Condom Challenge: Snorting Fad Giving Teens The Rush And Parents Nightmares
Teens are constantly finding new ways of putting rubber to use and one trending fad is also giving parents sleepless nights: condom snorting.
Parents in San Antonio, Texas, are learning through education classes that an increasing number of teens are looking up the “condom challenge.” Contrary to what the challenge may suggest, it is not about using the prophylactic for intended purposes. Instead, teens are challenged to snort an unused condom through a nostril only to pull it out from the mouth, while being filmed, a local Fox News affiliate reports.
In the San Antonio class, Stephen Enriquez, one of the educators, is telling parents of school-aged children that psychotropic substances are not the only thing they need to fear.
“These days our teens are doing everything for likes, views, and subscribers. As graphic as it is, we have to show parents because teens are going online looking for challenges and recreating them.”
The use of condoms in pranks and challenges is not new. After the Ice Bucket Challenge gained popularity, new ways to drop water on heads were tried and condom challenges became a craze. Amidst growing concerns of safety, health experts warned about risk of suffocation when a water-filled condom wraps around the head. Soon after, it appears, videos of attempts to snort and extract condoms from the throat started garnering attention.
— News19 WLTX (@WLTX) April 1, 2018
Besides the unpleasant feeling one is likely to experience when sensitive nasal passages are lined with chemicals a condom contains, including glycerin and spermicide, infections and allergic reactions are likely. More importantly, snorting a condom, which is designed not to break, becomes a choking hazard if it blocks the airway.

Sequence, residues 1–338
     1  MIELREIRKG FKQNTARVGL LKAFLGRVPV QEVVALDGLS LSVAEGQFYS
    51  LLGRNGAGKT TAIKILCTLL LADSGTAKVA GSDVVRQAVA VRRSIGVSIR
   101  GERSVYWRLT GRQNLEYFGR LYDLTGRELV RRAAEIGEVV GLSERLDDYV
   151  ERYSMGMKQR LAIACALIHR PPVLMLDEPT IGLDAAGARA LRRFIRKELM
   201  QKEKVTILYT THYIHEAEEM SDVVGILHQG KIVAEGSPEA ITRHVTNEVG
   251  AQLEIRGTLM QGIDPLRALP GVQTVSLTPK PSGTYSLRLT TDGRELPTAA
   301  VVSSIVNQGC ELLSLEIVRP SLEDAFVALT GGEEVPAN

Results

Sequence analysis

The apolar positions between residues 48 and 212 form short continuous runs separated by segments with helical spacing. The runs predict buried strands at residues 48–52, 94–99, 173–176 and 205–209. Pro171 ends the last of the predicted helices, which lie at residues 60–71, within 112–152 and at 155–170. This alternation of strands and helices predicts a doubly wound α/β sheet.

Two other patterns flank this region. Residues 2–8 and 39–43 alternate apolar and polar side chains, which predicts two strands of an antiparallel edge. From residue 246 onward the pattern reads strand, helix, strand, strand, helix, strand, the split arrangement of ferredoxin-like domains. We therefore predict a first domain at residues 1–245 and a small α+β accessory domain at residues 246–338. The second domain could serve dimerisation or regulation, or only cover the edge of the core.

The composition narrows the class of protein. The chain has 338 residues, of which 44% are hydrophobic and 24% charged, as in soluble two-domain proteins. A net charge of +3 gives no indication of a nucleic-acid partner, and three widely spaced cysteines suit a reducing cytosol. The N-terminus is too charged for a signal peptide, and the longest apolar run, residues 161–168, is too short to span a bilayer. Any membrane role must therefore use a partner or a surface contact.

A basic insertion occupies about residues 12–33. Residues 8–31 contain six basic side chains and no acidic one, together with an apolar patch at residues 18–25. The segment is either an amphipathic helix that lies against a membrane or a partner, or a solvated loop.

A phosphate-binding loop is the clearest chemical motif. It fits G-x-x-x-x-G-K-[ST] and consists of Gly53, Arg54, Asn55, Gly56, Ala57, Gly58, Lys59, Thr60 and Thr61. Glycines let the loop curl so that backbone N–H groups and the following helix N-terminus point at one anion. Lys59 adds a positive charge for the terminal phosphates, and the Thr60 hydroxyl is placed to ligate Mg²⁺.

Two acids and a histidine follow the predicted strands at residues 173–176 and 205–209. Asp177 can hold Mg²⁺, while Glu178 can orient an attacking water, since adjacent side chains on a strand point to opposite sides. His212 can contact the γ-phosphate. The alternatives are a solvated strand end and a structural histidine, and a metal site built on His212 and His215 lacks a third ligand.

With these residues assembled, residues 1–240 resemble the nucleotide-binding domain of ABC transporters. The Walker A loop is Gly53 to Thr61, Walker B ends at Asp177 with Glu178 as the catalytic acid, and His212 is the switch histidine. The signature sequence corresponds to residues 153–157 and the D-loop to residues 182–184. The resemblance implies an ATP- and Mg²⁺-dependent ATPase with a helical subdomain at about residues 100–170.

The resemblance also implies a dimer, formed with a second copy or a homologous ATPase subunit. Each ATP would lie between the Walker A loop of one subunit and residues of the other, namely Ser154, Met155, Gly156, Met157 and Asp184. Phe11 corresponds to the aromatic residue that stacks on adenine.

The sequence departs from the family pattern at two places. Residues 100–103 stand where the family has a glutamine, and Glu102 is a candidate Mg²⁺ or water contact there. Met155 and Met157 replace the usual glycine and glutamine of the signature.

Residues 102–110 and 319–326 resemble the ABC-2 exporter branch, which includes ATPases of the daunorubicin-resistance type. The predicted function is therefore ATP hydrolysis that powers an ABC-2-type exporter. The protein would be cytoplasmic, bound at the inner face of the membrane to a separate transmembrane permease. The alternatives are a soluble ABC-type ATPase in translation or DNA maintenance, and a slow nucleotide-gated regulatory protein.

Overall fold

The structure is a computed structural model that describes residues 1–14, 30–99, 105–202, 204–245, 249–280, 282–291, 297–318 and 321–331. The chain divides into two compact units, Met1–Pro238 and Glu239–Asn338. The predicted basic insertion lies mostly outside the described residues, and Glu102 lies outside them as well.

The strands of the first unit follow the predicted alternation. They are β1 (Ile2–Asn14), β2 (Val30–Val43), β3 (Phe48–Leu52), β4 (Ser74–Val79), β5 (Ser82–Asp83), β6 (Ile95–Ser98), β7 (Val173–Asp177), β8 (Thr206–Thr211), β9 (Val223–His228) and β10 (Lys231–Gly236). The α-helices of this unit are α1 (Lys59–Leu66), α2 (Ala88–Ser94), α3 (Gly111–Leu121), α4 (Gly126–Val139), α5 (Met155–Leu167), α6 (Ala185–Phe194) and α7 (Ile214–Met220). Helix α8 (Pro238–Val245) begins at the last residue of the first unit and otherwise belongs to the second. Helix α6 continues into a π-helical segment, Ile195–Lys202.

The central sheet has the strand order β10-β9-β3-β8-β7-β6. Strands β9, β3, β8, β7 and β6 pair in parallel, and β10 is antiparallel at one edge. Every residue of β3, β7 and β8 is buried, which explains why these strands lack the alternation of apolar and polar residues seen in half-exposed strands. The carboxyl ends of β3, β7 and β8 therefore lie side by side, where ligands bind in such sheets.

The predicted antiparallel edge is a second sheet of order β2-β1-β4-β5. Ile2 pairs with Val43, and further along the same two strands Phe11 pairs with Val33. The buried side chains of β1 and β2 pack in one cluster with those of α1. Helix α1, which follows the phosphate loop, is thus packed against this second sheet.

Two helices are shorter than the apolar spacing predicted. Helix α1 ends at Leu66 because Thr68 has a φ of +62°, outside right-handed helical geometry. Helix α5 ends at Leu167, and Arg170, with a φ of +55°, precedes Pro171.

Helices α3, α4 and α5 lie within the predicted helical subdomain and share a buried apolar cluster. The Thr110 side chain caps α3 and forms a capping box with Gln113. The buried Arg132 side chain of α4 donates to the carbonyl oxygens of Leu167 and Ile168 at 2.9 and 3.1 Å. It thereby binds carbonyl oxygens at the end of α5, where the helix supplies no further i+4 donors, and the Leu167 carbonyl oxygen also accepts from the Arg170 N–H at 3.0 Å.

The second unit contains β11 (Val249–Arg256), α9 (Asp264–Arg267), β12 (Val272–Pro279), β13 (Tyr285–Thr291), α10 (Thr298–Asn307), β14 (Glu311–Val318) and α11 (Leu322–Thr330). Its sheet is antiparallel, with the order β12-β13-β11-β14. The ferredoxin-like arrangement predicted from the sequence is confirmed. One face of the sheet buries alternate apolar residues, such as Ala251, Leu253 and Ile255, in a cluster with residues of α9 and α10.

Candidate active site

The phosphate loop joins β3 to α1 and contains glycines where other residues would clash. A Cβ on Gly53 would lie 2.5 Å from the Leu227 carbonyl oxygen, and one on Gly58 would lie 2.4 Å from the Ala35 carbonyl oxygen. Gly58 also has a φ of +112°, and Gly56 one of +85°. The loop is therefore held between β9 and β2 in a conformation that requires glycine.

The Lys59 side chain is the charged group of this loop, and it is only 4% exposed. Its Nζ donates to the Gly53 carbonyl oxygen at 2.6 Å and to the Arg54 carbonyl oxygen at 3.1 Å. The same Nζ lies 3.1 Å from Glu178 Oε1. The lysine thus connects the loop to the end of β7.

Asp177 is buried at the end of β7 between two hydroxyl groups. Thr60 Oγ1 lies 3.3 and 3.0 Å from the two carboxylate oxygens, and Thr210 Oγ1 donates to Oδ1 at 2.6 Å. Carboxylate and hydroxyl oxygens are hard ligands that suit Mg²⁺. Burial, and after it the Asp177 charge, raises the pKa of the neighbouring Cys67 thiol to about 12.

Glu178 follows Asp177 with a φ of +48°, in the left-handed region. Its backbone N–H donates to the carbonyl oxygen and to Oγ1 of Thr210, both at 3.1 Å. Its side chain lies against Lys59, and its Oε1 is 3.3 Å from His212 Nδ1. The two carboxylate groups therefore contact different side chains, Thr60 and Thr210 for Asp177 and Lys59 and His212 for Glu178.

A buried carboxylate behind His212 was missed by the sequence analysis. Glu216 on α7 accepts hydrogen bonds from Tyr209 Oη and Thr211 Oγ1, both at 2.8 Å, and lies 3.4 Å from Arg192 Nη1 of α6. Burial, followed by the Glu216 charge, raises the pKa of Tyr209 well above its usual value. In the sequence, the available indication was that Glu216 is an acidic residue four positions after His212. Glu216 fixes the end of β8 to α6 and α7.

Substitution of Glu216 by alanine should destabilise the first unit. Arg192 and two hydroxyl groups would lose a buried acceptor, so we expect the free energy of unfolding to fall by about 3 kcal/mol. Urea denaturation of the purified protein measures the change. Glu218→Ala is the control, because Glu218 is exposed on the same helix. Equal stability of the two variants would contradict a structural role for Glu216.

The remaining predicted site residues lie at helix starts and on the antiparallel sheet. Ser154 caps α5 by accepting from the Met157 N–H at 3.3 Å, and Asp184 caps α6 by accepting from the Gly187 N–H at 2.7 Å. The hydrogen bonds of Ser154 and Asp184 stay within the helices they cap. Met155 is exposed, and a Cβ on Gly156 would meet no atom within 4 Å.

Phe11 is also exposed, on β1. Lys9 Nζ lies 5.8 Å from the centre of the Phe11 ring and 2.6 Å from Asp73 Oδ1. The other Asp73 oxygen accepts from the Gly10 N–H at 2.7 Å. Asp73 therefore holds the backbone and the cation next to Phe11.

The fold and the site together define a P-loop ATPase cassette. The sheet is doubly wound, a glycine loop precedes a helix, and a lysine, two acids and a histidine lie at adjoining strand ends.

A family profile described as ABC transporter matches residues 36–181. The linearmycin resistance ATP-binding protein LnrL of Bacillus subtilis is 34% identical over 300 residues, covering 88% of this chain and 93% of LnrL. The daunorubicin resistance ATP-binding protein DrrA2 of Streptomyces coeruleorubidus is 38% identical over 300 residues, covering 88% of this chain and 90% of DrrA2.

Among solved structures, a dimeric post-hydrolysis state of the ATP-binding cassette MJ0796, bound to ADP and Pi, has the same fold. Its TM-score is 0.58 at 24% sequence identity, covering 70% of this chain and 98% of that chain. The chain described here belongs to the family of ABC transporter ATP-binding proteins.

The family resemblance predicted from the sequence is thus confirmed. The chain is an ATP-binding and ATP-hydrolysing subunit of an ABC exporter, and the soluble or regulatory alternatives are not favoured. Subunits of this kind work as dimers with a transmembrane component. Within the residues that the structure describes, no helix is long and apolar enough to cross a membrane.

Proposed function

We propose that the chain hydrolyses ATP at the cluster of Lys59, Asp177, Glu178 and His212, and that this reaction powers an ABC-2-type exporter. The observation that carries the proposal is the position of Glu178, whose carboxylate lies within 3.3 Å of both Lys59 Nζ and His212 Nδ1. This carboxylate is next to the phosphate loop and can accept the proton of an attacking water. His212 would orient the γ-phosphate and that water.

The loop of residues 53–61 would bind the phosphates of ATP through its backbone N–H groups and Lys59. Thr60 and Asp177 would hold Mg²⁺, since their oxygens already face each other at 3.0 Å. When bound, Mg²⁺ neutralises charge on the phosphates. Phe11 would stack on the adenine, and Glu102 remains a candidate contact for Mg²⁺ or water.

While choking or a fatality has not been caught on tape, a few patient case studies reported in medical literature indicate what a condom that enters the respiratory tract can do. Condoms entering the digestive tract, including appendix, cause sickness, and have been reported more often.
In 2004, researchers in India described the troubles of a 27-year-old who accidentally inhaled a condom while performing oral sex. The object was later located and removed with a bronchoscope.
“The lady presented with persistent cough, sputum and fever for the preceding six months. Trials with antibiotics and anti-tuberculosis treatment for the preceding four months did not improve symptoms. A subsequent chest radiograph showed non-homogeneous collapse-consolidation of right upper lobe.”
Forbes contributor Bruce Y. Lee mentions a YouTube video from 2007 that reportedly demonstrated the act. But it may not have been until 2013 when the condom snorting challenge began gaining traction. Clearly, the condom challenge is not new, and is likely to stay.